More recently entrance of large players like commercial banks, potential of new technologies have in some cases enabled more cost-effective delivery of tailored products. There are some very positive developments:

  • potential for much bigger and more rapid expansion
  • possibilities of a much greater range of products tailored to individual needs to increase contributions to livelihoods
  • participatory market research tools for product development
  • interest in consumer protection and financial literacy to protect clients against bad products

However there are some very worrying trends in micro-finance - as in the global financial sector:

  • the biggest players as they mature decrease the proportion of female clients.
  • rapid expansion of poorly designed products increases indebtedness and in some places has led to widespread default and in others to significant rise in client suicide.
  • there is little concern for client empowerment and benefit.
  • the combined impacts of many providers seeking the same 'profitable clients' can negatively impact on markets.

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Widening the sustainability debate

For the whole microfinance sector, financial sustainability must be seen not as the prime goal in itself but as one element in sustainable financial services for development. Different women need access to different types of financial services, some of which can be financially sustainable through following current 'Best Practice with a gender lens'. Even here there are many different ways of attaining financial sustainability. Some can even contribute to women's empowerment. Others have serious negative gender implications for many women.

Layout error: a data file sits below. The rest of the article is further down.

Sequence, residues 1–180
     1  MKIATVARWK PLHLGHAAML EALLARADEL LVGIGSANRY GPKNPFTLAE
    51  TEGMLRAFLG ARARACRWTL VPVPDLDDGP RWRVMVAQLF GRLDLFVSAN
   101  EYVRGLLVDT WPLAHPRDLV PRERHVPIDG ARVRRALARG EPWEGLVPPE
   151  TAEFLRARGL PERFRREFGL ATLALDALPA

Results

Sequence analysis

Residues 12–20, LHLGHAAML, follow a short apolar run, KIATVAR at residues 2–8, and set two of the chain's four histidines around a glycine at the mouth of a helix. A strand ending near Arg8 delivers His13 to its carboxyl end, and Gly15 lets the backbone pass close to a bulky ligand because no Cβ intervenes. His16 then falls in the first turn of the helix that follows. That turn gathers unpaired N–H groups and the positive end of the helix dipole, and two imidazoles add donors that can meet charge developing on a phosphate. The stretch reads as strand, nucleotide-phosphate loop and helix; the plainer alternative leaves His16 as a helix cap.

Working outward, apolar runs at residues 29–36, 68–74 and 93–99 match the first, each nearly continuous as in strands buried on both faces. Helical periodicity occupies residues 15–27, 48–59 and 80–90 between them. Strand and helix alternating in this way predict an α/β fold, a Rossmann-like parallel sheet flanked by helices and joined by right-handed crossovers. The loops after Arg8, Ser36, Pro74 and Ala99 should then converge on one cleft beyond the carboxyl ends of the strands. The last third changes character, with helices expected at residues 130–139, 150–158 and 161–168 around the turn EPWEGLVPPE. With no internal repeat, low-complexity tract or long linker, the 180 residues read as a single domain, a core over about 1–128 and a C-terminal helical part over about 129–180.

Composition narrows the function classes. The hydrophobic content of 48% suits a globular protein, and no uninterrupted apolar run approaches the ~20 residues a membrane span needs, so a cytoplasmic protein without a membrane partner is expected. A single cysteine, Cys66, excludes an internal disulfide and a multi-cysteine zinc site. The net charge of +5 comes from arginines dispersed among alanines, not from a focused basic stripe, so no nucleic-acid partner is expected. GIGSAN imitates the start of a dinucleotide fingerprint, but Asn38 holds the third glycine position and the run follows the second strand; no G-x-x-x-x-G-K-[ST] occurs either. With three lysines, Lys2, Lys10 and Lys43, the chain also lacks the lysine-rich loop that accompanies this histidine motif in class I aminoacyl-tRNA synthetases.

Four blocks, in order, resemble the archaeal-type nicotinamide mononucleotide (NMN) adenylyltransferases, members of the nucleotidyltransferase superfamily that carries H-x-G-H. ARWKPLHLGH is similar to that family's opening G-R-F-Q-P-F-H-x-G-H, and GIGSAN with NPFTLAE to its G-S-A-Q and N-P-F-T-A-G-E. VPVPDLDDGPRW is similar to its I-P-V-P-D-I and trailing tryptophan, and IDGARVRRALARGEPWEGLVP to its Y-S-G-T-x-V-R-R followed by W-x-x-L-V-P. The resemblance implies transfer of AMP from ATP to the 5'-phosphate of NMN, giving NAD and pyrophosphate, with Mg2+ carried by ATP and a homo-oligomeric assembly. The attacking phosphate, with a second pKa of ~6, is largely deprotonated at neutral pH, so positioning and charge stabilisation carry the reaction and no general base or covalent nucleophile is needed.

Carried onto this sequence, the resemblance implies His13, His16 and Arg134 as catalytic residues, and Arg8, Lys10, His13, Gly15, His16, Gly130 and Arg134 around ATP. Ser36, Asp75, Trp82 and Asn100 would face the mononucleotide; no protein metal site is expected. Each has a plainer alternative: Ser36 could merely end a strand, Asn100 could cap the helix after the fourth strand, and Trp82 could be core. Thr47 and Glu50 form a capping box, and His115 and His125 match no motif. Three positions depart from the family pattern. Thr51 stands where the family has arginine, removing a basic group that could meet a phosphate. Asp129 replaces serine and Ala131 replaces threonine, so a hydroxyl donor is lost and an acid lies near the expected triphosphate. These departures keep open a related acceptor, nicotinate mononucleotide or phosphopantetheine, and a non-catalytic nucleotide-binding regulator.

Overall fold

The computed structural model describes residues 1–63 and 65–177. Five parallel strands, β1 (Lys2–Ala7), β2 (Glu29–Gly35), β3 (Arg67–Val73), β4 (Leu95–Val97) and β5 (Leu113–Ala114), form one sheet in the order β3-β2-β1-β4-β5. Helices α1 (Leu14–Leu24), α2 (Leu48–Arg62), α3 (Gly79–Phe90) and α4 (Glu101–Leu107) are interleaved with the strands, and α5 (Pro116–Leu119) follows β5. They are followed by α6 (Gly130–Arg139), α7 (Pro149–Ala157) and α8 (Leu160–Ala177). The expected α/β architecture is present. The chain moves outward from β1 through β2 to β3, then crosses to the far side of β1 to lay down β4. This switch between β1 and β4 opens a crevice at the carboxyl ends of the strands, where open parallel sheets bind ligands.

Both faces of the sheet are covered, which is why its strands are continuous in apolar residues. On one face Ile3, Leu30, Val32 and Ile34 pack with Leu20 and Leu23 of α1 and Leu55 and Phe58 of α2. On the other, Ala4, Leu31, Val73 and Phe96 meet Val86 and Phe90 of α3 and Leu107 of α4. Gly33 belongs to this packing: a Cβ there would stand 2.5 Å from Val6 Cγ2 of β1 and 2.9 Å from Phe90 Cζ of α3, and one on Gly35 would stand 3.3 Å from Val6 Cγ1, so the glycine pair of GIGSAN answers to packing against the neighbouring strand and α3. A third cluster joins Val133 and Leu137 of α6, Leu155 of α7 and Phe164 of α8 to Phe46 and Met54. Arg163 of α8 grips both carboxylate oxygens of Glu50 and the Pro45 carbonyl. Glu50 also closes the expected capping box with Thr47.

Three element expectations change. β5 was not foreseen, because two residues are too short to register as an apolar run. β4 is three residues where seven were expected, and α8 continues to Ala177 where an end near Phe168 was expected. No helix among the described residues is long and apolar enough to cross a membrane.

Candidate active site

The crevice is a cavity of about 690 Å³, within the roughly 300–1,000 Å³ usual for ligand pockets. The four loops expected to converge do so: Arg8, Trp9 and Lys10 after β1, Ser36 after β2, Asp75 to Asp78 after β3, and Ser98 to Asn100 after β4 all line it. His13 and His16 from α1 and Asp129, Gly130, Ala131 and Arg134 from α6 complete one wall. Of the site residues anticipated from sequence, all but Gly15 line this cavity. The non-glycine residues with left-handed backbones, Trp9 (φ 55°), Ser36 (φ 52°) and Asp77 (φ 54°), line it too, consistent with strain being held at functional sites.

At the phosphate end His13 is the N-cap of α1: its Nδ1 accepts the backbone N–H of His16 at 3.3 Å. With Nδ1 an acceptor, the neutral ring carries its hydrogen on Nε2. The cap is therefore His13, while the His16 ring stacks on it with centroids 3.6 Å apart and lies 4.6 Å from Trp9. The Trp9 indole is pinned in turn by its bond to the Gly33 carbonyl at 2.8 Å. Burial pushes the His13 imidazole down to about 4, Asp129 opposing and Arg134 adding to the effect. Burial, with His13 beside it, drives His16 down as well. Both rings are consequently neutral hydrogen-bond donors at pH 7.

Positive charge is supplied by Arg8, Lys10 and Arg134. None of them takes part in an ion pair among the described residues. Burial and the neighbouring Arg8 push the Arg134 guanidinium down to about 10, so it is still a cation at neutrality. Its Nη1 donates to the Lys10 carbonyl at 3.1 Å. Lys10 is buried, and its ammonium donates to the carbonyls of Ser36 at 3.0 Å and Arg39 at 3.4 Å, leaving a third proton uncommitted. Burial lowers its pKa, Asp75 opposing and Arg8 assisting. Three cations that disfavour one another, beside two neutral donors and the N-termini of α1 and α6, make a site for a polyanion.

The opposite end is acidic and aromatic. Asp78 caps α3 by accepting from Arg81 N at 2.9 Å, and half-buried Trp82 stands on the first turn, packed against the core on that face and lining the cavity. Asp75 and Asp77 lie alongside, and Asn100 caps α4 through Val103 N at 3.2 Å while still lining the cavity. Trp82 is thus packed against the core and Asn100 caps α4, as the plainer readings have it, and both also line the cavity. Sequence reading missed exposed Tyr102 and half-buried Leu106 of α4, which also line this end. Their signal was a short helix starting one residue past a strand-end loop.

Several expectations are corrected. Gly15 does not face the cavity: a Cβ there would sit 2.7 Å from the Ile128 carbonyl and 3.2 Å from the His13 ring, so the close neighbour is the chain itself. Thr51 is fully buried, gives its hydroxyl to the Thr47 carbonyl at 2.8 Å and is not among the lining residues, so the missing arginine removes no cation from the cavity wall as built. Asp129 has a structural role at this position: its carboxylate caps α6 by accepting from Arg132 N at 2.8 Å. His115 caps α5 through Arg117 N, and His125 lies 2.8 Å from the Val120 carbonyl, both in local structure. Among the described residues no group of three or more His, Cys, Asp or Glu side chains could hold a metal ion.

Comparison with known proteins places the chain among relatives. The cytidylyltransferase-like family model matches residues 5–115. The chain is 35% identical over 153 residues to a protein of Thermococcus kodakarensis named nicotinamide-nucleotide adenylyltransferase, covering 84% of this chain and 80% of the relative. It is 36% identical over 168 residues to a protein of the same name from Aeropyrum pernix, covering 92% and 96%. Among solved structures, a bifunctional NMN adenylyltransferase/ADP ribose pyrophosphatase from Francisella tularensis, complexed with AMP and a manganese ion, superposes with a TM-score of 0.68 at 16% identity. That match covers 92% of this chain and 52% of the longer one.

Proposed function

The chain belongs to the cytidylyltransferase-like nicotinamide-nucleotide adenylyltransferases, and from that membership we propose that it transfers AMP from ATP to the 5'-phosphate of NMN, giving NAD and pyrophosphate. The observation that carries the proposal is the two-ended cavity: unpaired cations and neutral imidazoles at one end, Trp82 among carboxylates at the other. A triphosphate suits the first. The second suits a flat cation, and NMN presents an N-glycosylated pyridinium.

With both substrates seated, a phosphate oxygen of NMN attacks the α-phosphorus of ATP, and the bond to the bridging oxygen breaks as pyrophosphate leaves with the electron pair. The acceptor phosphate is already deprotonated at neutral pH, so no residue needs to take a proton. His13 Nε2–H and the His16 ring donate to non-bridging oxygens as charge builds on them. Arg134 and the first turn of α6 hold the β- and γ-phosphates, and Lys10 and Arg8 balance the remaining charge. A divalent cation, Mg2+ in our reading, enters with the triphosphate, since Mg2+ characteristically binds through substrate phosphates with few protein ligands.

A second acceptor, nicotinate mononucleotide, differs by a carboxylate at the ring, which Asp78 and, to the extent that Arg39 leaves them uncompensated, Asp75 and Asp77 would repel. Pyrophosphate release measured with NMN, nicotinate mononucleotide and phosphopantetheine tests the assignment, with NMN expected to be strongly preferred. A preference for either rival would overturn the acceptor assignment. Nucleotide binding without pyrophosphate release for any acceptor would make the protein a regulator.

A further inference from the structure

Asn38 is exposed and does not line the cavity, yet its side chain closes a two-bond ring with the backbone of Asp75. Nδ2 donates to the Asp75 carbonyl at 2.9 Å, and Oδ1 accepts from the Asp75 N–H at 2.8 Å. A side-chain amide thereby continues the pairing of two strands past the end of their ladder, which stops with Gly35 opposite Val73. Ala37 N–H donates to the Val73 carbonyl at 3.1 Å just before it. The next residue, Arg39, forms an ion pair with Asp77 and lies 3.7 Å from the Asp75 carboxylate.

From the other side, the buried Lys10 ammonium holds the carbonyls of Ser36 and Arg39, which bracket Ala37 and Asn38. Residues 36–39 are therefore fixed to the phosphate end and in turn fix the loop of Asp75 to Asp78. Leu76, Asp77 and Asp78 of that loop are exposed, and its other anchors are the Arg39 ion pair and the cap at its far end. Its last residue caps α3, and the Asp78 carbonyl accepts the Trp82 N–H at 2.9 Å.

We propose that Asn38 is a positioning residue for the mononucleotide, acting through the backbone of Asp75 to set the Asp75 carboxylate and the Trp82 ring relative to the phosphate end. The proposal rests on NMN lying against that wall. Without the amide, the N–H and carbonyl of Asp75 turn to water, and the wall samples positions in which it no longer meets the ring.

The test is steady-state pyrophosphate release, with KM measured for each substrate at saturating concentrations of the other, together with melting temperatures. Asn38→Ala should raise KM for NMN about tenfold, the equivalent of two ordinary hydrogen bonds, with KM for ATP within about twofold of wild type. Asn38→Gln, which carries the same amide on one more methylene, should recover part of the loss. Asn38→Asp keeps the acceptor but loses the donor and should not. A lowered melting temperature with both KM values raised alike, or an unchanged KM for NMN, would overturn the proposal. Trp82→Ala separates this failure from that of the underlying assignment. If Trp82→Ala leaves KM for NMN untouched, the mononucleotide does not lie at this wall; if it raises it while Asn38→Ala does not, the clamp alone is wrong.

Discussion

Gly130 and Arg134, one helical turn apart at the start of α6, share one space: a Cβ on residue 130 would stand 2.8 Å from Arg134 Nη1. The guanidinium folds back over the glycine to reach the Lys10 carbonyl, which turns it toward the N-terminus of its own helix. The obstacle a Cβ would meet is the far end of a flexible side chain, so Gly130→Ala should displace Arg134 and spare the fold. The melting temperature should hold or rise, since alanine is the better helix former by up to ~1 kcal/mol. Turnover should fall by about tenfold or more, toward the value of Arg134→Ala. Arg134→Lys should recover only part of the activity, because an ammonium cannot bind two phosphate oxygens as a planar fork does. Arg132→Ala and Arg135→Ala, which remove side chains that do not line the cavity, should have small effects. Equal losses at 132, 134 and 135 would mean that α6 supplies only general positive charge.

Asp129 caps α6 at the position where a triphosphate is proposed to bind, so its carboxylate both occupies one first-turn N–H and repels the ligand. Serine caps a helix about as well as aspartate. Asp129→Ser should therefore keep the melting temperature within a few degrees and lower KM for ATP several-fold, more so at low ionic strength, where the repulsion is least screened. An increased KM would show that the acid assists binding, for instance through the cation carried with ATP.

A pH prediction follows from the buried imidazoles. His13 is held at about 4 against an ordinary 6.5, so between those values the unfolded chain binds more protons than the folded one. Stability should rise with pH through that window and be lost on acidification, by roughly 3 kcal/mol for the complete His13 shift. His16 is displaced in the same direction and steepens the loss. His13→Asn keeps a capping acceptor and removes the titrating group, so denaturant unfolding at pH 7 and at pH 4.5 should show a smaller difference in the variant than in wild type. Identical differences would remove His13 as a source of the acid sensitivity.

The most serious consequences of the unthinking replication of some 'Best Practice' policies for short-term financial sustainability are for poverty reach and impacts for the poorest women. In MFIs claiming to have a development role and using development funds there is a need not only for a longer term conceptualisation of financial sustainability itself in combination with gender analysis, but to widen the sustainability debate to include: